FIG. 6A is a block diagram 600 of an NFA graph 604 that may be used by the walker 320 to match the regular expression pattern 502 in the input stream. In the example embodiment, a section 507 of FIG. 5A, including the split node N1 508, speculative node N3 512, and epsilon transition paths 530 a and 530 b, is represented by a variable count node N1N3 607. The variable count node N1N3 607 is an aggregation of the split node N1 508 and the parallel (i.e., speculative) node N3 512 of FIG. 5A.

According to embodiments disclosed herein, the variable count node N1N3607 may be configured to identify a given element, such as the character class 611 (i.e., [^\n]), a variable number of instances 613, such as infinite, as indicated by the variable count node. The variable number of instances 613 may be at least zero times or any other suitable number of instances. It should be understood that the given element character class 611 is for illustrative purposes of the example embodiment and that the given element may be any suitable element being matched by the variable count node N1N3′.

A variable count node is a node that may match an element a variable number of times, the number of times may be defined by a range (e.g., zero to five times). A variable count node may be one of four types of variable count nodes: a lazy, greedy, possessive, or all match node. The variable count lazy node may be configured to find a shortest possible match of elements within the range. A variable count greedy or possessive node may be configured to find the longest possible match of elements within the range. A variable count all match node may be configured to return all matches in the payload.

The variable count lazy node may be configured to process (i.e., consume) a single instance of a segment from the payload based on a mismatch of a segment at a next node identified by metadata associated with the variable count lazy node. The variable count greedy node may be configured to process consecutive segments from the payload until a mismatch of one of the consecutive segments is determined at the variable count greedy node or until the variable count greedy node has processed (i.e., consumed) the total number of the variable number of consecutive segments.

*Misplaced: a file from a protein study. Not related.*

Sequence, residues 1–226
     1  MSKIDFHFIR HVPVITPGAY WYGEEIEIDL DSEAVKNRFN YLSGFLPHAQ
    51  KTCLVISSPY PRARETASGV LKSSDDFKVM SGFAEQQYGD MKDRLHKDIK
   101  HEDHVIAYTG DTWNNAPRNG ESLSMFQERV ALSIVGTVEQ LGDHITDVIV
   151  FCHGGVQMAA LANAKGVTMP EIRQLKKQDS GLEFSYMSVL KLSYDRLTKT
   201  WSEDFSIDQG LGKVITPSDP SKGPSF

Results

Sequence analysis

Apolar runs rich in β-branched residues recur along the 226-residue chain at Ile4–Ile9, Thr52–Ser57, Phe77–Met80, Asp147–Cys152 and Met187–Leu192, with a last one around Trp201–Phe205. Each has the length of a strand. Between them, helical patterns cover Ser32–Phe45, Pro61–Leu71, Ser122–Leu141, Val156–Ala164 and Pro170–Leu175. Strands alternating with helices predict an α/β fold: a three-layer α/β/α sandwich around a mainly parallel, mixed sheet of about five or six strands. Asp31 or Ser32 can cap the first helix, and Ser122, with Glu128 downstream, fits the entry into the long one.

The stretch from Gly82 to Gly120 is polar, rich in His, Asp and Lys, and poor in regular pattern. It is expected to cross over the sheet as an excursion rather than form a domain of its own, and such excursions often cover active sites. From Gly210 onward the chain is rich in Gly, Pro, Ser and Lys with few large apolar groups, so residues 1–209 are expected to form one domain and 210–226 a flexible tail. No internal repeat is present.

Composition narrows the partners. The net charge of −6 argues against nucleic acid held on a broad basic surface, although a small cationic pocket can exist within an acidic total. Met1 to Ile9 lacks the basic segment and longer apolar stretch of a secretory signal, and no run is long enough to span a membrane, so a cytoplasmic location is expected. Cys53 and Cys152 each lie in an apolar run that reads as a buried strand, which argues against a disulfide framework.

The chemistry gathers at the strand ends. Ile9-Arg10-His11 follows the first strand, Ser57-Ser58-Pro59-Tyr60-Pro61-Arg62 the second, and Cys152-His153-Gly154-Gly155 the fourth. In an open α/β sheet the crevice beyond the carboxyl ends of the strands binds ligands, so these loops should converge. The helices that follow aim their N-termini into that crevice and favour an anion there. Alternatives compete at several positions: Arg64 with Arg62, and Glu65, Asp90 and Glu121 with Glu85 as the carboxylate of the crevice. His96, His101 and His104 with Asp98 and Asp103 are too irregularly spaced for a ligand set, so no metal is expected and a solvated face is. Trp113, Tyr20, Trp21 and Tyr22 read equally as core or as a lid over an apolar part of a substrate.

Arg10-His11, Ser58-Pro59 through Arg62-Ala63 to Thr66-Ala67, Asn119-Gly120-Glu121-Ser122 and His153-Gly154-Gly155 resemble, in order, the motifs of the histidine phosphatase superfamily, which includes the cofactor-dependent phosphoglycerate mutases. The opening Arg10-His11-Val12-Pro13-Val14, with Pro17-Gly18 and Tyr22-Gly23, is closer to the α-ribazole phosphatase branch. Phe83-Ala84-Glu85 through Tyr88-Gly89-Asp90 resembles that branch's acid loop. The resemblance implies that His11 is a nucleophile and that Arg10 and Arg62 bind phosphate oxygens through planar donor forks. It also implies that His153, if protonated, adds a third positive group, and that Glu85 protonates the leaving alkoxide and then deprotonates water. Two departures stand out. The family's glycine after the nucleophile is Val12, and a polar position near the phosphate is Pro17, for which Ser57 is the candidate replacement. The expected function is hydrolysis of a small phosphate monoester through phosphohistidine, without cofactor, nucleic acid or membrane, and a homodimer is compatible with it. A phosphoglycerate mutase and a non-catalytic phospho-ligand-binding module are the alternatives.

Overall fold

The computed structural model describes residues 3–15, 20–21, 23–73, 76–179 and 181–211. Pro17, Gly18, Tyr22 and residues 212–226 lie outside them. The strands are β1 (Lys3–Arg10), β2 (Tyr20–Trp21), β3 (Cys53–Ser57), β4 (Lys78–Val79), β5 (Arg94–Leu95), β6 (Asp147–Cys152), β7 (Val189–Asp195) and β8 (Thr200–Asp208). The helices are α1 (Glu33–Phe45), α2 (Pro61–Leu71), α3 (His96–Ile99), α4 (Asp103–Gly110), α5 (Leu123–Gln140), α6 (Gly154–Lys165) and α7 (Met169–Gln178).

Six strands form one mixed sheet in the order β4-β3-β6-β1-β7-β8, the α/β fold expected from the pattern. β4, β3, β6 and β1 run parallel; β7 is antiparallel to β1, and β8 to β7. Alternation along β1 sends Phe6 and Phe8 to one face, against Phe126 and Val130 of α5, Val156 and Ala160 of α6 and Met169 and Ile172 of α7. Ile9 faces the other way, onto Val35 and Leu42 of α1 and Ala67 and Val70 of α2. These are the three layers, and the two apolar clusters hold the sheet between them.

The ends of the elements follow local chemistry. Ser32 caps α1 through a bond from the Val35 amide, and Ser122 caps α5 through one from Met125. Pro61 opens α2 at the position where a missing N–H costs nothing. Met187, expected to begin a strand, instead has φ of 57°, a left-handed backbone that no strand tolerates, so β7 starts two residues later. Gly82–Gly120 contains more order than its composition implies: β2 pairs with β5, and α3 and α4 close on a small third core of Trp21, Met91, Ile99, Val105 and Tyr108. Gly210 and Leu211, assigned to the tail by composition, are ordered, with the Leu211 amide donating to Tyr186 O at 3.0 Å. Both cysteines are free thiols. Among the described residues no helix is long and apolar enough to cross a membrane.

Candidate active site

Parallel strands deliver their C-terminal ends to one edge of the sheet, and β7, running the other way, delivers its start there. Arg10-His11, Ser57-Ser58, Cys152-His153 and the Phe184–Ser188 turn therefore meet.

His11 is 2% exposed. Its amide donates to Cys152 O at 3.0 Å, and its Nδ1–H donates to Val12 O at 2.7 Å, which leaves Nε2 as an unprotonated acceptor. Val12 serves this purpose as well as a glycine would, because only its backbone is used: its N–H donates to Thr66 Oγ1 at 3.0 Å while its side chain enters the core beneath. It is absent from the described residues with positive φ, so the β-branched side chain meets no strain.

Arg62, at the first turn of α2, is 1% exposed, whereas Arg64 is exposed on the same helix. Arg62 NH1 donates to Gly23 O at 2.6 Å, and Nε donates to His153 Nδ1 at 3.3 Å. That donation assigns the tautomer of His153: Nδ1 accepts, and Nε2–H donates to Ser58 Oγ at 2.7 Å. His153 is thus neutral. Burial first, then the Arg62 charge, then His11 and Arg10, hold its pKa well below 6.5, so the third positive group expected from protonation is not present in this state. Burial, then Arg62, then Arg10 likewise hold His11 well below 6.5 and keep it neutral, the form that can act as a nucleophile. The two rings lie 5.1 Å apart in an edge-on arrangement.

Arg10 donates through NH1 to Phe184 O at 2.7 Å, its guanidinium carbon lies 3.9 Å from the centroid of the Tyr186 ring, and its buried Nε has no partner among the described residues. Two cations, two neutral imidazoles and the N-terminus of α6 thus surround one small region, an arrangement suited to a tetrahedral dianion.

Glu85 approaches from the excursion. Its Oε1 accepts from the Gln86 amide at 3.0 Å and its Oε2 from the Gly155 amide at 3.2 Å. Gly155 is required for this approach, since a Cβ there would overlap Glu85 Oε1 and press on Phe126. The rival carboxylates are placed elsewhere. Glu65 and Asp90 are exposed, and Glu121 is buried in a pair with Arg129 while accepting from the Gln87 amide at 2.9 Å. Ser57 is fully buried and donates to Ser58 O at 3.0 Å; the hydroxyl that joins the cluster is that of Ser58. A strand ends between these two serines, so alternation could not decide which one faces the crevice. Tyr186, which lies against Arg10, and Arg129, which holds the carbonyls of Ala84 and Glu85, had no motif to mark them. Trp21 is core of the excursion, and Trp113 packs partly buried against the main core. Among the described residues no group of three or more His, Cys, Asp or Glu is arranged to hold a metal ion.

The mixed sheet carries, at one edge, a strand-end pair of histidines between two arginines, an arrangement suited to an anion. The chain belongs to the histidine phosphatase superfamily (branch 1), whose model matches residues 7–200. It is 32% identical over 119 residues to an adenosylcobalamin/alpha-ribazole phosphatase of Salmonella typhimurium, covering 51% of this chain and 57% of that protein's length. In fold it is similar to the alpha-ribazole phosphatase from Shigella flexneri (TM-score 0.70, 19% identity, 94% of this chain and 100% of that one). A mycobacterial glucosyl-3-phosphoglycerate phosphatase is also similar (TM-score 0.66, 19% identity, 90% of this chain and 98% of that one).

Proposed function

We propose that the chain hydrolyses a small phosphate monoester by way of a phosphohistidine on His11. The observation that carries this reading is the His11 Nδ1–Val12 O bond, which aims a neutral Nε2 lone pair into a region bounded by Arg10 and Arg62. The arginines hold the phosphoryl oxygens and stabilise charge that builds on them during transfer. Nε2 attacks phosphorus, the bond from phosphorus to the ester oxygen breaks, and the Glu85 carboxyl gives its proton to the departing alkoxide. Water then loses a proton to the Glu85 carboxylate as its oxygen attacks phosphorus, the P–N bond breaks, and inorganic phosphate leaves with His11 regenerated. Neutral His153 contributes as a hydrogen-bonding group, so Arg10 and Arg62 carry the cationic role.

In the example embodiment of FIG. 6A, the variable count node N1N3607 is a variable count lazy node associated with metadata 609 identifying, either directly or indirectly, a next node 617, such as the element node N2 610. In the example embodiment, the walker advances the walk to the element node N2 610, based on zero or more matching instances, of the variable number of consecutive instances 613, of the given element 611 in the input stream. For example, in the example embodiment, the variable count lazy node N1N3607 is configured to match zero or more instances of the character class element “^\n” (i.e., not a newline character) an infinite number of times.

According to embodiments disclosed herein, each node of the NFA may be associated with metadata that includes at least four fields, such as a node type, element, count, and next node, although one or more of the at least four fields may not be applicable based on the node type.

The metadata 609 associated with the variable count lazy node N1N3607 may include a count (not shown) for tracking a total number (not shown) of consecutive instances of the element 611 positively matching in the payload to enable a comparison of the total number to the variable number 613.

According to embodiments disclosed herein, the walker 320 may be configured to walk the NFA graph 604 in a speculative manner to optimize performance of a match of the regular expression pattern 502 in the input stream.

FIG. 6B is a table 618 of an example embodiment of processing cycles 628 a-g for traversing the NFA graph 604 of FIG. 6A in a lazy non-speculative manner with the payload 542. Similar to the embodiments of FIG. 5A and FIG. 5B, disclosed above, the walker 320 may walk the starting node N0 606 with the segment 522 a (i.e., “h”) at the current offset 520 a (i.e., “0”). The walker 320 may determine that the match result 624 is a positive match result for the processing cycle 628 a as the segment 522 a matches character “h” at the node N0 606. In the example embodiment of FIG. 6A, a next node indicated by the node N0 606 is the variable count lazy node N1N3607. As such, the walker 320 takes the action 626 for the processing cycle 628 a that includes updating the current offset to 520 b (i.e., “1”) in the payload 542 and transitioning to the variable count lazy node N1N3607. Transitioning may include fetching (also referred to herein as loading) the variable count lazy node N1N3607.